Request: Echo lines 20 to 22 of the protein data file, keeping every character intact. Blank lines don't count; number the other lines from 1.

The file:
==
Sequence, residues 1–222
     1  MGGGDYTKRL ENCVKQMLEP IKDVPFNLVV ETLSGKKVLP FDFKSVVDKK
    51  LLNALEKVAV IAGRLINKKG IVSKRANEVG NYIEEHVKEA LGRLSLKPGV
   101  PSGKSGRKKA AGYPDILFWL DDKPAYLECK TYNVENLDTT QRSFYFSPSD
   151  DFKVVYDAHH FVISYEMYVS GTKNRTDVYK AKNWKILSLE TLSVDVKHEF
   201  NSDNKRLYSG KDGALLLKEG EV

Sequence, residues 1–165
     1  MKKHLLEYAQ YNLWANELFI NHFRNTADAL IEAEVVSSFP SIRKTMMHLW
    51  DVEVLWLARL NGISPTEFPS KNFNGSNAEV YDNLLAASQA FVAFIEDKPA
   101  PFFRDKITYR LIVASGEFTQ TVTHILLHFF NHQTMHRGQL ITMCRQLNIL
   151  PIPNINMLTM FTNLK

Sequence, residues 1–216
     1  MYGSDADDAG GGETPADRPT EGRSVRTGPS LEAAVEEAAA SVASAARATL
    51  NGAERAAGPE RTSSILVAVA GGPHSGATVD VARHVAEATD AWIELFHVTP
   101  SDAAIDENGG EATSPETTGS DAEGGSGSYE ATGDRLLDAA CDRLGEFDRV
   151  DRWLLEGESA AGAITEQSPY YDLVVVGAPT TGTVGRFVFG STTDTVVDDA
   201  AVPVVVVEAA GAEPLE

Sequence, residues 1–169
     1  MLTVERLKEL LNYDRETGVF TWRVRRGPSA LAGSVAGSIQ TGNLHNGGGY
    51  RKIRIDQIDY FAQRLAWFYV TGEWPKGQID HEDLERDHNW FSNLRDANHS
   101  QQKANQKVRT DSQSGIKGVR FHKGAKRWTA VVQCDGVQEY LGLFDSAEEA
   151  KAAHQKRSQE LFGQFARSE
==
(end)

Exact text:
    51  RKIRIDQIDY FAQRLAWFYV TGEWPKGQID HEDLERDHNW FSNLRDANHS
   101  QQKANQKVRT DSQSGIKGVR FHKGAKRWTA VVQCDGVQEY LGLFDSAEEA
   151  KAAHQKRSQE LFGQFARSE